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Lujan v. Defenders of Wildlife

504 U.S. 555 (1992)

tl;dr: Plaintiffs here may not bring suit because they do not have standing, due to lack of injury in fact and redressability of th

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Lujan v. Defenders of Wildlife is a Supreme Court case that deals with a challenge to a rule interpreting the Endangered Species Act. The main issue is whether the plaintiffs have standing to seek judicial review of the rule. To establish standing, a plaintiff must show three elements: (1) an "injury in fact," (2) a causal connection between the injury and the conduct complained of, and (3) it must be likely that the injury will be redressed by a favorable decision. The Court of Appeals erred in denying the Secretary's motion for summary judgment because the plaintiffs did not provide evidence of injury and redressability. The proposed "ecosystem nexus" standing theory, "animal nexus" and "vocational nexus" approaches require a factual showing of perceptible harm at the summary judgment stage. The respondents failed to demonstrate redressability because they challenged a generalized level of government action instead of attacking the separate decisions to fund particular projects allegedly causing them harm. The legal uncertainty regarding the Secretary's authority affects redressability, and any relief the District Court could have provided against the Secretary was unlikely to produce action from the funding agencies.

The court ruled that the respondents lacked standing to bring their case because they did not show a direct injury resulting from the statute's enforcement. Administrative agencies' power is limited by granted authority, and courts can only intervene to protect individual rights beyond that authority. Plaintiffs must show a personal stake in the outcome and a direct injury that is real and immediate. Justice Stevens concurs with the judgment of reversal but disagrees with the Court's conclusion that the respondents lack standing.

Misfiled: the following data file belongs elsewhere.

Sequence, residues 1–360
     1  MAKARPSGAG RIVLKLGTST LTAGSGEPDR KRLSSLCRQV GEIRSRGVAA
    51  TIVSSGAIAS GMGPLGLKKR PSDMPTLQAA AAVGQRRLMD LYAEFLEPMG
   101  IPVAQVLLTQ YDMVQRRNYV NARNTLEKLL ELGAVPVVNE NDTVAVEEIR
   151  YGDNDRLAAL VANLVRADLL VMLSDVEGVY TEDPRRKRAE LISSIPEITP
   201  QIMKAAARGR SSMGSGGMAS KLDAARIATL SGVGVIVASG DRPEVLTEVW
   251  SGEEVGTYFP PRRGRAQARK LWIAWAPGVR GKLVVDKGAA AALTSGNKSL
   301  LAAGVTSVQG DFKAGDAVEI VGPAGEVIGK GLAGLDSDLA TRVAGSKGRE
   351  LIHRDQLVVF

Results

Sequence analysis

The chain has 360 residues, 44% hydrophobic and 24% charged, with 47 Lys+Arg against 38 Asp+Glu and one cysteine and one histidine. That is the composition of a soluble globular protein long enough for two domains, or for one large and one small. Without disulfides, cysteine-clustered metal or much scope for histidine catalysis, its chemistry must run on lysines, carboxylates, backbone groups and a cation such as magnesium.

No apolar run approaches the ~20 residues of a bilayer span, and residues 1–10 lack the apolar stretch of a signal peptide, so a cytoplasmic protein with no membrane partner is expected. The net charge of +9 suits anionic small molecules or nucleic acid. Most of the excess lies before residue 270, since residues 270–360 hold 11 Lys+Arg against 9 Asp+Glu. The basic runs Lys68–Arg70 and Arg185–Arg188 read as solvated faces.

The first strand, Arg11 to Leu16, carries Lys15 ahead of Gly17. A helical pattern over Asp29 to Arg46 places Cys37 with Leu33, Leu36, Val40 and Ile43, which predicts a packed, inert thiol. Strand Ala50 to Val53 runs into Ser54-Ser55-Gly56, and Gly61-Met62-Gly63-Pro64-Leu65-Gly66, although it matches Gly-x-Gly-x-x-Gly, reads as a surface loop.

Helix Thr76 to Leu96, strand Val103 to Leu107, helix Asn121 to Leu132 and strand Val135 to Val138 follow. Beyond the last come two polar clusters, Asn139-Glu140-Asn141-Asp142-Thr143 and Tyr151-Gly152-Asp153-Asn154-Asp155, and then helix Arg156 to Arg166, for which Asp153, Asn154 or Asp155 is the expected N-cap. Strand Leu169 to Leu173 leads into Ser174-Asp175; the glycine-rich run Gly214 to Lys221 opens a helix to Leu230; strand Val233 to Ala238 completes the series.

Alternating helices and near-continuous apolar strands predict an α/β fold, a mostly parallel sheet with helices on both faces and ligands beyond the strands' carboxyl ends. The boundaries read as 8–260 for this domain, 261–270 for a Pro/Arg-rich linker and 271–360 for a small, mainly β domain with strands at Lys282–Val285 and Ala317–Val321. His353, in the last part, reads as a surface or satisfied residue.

The plaintiffs have standing in the case, but the Court rules that the consultation requirement in § 7(a)(2) does not apply to activities in foreign countries. Justice Blackmun dissents from the Court's decision, believing that the plaintiffs have raised genuine issues of fact regarding injury and redressability. The Court's rejection of the claim of vocational or professional injury by the respondents is unreasonable. The author disagrees with the Court's rejection of "procedural injuries" as sufficient for standing. The dissent disagrees with the Court's approach to environmental standing and believes that civil liberty includes the right to claim protection under the law for any injury.

IRACIssue, Rule, Analysis, Conclusion

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Facts & Holding

Facts:Endangered Species Act instructs Secretary of Interior to promulgate by...

Holding:Irreducible minimum of standing contains 3 elements:Plaintiff must have suffered...

Lujan v. Defenders of Wildlife

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